If the prices are irrational, the role of sentiments may creep into markets. In this context, sentiments are those beliefs about the market conditions that we cannot explain by facts. No wonder, a large number of studies show the role of sentiments in pricing homes, CRE and stocks.
Smart Vs less smart investors
Being the same “animals”, all investors are prone to behavioral biases, but some are more biased than others. Increasingly aware of their potential biases over time, sophisticated investors tend to (or, at least, pre-tend) to behave more “rationally.” The finance literature often shows that big-ticket institutional investors (corporations, funds, etc.) are more sophisticated than private, individual investors.
The three markets in question: housing, CRE and stocks, differ in their fundamental structure. Unlike stocks, housing and CRE markets witness much fewer trades and lack transparency. Besides, while housing markets are dominated by individuals (or households), CRE are characterized by institutions (funds, corporations, partnerships) and stock markets by both types of investors. As a result, one should expect sentiments to play the least role in CRE, the most in housing and modestly in the stock markets.
CRE is a bit special
Our main interests were in examining the cross-over effect between sentiments in one market versus sentiments (and returns) in another. Our findings are revealing: housing and stock market sentiments significantly impact each other. However, while the stock market sentiments respond carefully to the housing sentiments, the housing sentiments get carried away by the stock market sentiments. This finding is not particularly surprising as households are expected to be more irrational. House prices, too, get excessively influenced by stock markets, while the opposite is not true.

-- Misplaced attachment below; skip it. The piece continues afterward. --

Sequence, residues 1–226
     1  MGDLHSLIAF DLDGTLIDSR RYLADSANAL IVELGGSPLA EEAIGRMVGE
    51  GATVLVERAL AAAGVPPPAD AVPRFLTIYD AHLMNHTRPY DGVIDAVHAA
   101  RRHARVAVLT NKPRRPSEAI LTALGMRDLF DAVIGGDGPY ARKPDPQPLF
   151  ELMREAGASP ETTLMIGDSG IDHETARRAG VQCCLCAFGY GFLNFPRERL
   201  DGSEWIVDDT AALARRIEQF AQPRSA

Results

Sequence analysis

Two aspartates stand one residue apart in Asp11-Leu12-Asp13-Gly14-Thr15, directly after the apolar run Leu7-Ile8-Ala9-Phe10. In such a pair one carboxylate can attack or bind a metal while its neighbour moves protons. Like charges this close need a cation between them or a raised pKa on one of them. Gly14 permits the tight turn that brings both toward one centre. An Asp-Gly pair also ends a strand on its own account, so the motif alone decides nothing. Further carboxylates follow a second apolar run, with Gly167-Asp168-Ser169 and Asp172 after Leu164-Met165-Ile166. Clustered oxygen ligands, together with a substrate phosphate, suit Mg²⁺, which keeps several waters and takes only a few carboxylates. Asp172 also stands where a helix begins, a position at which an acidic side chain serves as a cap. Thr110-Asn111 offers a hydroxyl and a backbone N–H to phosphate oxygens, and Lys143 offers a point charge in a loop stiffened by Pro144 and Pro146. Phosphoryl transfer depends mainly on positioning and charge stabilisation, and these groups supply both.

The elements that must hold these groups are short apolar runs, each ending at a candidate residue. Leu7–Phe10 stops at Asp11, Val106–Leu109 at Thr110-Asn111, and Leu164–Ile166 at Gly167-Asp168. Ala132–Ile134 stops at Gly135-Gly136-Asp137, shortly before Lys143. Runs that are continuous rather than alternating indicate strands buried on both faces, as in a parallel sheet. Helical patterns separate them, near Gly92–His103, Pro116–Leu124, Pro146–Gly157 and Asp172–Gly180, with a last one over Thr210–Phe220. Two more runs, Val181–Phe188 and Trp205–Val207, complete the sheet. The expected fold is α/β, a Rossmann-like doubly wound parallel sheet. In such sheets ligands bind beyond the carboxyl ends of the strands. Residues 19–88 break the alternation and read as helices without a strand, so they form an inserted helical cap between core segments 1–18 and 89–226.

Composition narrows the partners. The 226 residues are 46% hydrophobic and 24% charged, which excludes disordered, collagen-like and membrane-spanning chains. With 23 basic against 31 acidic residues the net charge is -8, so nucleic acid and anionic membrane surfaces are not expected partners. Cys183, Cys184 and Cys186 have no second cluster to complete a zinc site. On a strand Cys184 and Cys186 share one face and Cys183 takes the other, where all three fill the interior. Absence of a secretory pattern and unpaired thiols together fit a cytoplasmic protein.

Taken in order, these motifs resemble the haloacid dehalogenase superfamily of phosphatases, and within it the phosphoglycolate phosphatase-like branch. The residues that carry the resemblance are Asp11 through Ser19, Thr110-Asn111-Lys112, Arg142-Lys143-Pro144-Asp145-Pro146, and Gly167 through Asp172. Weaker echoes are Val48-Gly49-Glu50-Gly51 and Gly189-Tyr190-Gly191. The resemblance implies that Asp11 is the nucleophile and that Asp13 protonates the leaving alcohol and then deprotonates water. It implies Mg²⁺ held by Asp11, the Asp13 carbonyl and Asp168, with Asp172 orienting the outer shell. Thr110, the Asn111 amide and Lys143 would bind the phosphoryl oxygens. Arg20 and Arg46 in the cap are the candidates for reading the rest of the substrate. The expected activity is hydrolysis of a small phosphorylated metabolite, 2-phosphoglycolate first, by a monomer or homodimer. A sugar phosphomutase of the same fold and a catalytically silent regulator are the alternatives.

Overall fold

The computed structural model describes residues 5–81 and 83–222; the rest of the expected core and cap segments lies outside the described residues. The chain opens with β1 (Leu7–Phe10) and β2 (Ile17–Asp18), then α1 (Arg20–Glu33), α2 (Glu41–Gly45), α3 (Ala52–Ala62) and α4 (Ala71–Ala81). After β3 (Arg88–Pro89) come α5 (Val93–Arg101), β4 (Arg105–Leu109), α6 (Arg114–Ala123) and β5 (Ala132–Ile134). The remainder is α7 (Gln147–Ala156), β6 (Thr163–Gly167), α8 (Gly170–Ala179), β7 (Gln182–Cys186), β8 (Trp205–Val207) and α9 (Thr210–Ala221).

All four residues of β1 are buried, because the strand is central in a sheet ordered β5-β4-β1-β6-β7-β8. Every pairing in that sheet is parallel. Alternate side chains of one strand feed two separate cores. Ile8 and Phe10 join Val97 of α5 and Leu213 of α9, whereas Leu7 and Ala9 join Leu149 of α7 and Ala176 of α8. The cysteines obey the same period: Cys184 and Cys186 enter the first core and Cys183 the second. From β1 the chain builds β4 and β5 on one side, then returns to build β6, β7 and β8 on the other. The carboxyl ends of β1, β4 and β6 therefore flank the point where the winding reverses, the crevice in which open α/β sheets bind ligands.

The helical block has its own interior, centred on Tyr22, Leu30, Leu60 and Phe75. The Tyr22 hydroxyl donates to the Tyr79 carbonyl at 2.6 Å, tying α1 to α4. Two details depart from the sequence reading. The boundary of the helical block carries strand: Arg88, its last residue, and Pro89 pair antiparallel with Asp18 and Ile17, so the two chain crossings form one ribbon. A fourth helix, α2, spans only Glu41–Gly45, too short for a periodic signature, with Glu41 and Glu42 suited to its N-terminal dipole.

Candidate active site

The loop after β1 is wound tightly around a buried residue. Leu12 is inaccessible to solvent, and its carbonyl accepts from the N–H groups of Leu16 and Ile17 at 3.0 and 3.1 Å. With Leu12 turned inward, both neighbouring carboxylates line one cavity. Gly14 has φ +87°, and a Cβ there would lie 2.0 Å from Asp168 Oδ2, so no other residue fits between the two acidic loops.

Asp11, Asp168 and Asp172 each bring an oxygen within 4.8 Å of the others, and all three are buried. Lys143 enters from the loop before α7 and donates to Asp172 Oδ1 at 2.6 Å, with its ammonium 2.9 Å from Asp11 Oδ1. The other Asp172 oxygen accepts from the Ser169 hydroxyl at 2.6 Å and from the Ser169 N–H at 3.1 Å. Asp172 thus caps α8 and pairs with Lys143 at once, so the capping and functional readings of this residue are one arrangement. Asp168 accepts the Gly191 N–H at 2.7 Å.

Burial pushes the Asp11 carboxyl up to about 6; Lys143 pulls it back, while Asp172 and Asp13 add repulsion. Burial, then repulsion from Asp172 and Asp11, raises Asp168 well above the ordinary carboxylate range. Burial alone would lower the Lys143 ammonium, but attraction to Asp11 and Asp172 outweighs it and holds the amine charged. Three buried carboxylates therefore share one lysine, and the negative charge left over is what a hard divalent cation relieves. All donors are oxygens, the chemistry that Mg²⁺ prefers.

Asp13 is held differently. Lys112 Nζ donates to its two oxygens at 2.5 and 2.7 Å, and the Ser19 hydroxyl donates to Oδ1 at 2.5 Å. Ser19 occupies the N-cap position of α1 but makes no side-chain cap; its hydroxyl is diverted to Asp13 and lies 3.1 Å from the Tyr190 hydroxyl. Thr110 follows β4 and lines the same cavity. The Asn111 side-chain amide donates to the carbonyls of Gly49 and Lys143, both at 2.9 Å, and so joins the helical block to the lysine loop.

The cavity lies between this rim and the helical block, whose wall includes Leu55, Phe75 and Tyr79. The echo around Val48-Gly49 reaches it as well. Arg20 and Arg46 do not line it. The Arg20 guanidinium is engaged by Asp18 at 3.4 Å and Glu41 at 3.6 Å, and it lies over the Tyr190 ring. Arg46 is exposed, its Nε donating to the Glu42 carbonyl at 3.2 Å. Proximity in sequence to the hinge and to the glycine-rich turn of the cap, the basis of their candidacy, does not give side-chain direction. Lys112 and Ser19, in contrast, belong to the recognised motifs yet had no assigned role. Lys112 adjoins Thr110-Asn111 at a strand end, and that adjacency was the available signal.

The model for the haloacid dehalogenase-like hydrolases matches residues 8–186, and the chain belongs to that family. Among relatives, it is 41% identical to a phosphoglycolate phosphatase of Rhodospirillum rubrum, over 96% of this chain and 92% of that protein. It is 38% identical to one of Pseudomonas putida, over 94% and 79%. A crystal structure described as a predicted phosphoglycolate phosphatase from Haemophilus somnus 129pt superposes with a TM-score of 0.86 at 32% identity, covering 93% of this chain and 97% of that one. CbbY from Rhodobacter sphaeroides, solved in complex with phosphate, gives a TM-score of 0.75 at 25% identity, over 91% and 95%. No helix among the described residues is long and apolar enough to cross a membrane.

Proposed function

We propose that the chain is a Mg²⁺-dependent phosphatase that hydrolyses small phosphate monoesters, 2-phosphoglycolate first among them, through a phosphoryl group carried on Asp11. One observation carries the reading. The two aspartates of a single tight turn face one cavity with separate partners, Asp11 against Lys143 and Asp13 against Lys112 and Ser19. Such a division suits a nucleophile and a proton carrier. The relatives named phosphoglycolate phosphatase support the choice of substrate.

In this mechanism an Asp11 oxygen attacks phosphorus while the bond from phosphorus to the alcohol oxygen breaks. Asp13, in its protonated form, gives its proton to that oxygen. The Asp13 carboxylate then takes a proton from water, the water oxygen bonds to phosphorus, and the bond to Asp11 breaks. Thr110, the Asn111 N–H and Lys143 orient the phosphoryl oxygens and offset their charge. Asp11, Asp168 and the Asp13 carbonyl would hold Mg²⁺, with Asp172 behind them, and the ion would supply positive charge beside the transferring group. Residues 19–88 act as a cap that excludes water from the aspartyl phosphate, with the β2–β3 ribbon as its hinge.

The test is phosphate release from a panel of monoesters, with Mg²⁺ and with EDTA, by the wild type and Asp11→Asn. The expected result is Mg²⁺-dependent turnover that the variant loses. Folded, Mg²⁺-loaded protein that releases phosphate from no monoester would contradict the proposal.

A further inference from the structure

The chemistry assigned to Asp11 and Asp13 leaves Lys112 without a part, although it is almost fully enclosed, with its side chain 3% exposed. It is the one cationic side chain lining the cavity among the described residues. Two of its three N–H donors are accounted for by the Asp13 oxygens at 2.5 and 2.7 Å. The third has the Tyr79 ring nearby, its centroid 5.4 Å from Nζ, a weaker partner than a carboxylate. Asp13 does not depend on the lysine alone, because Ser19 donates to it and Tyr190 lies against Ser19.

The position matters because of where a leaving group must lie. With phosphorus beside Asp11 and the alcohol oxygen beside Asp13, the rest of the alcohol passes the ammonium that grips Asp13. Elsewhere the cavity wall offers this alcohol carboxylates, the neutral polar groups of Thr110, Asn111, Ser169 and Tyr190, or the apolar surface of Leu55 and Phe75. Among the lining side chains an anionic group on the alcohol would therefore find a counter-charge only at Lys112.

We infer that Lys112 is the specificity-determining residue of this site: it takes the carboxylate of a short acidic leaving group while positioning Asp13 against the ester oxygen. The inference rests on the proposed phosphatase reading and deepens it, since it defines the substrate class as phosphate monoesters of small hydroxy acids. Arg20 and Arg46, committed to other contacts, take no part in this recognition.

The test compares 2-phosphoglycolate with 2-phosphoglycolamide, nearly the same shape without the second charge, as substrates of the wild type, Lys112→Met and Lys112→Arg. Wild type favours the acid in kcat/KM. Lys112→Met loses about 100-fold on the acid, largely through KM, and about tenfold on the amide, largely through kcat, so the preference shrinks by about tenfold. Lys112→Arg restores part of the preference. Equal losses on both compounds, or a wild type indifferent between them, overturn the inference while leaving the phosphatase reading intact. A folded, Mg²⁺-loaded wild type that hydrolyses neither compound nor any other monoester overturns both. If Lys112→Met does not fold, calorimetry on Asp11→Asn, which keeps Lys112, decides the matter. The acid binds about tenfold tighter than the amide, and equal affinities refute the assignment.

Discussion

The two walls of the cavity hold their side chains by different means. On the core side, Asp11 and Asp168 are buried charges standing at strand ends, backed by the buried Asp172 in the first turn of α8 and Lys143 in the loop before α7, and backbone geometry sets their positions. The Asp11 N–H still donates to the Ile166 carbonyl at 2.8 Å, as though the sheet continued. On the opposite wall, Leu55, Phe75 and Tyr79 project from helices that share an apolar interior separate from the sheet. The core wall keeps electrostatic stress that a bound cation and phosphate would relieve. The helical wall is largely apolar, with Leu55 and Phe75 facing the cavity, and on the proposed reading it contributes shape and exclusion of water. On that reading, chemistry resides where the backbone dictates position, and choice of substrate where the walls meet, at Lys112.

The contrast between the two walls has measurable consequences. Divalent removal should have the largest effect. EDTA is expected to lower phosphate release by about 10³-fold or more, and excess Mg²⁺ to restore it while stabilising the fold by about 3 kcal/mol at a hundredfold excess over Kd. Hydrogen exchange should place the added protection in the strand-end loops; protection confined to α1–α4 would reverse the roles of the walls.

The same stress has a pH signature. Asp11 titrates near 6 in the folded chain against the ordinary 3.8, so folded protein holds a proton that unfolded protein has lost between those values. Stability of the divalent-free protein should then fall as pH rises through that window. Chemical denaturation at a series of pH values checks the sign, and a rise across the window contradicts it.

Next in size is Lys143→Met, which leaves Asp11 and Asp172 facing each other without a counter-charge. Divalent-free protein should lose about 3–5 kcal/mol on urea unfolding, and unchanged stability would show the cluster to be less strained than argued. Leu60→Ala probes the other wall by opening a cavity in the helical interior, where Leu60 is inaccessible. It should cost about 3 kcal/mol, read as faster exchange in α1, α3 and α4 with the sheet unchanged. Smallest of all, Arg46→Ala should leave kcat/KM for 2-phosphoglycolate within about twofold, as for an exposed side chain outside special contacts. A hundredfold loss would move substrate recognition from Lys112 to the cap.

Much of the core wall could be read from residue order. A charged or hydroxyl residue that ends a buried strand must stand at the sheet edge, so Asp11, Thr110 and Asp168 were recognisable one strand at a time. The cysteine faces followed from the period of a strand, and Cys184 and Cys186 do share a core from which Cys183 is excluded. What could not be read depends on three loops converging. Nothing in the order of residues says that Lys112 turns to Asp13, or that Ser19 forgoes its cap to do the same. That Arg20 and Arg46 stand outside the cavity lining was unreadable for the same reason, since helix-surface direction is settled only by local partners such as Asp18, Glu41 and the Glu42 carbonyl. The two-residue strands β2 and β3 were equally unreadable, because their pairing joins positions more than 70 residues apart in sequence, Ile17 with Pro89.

CRE, however, is special. CRE sentiments have a more significant impact on returns in both housing and stock markets than the sentiments developed within these two markets internally. In other words, stock returns are not associated with the stock market sentiments, but they are impacted by CRE sentiments. It is the same for housing markets too, as they get carried away by CRE sentiments.
Interestingly, neither the sentiments, nor the returns in CRE markets are affected by the other two markets. In fact, CRE sentiments and returns are sensitive to their own past and are immune to housing or stock market movements.
Although housing and stock markets play a significant role in the economy, they are inter-connected with each other. Therefore, from a policy standpoint, it is challenging to allocate resources independently to either market.
Beyond the performance (i.e. returns) of these markets, the policy and investment strategies must also be watchful of sentiments. Sentiments in different markets determine future returns in their respective markets, but also exhibit a cross-over effect on returns in other markets.
In particular, commercial real estate sentiments and returns have significant effects on sentiments and returns in other markets, but the opposite is not true. In other words, commercial real estate markets, although of a smaller size, are dominated by more sophisticated investors. These markets provide unique information about the future movement of the overall economy, a fact that has been broadly ignored in public discourse on the economy. Our findings suggest that both housing and stock markets look up to the opinion of commercial real estate investors, whether it is qualified or not.
The verdict: CRE is more important to the economy than we had previously thought. We’d be wise to track the development in CRE markets more closely for policy and strategy purposes in the future.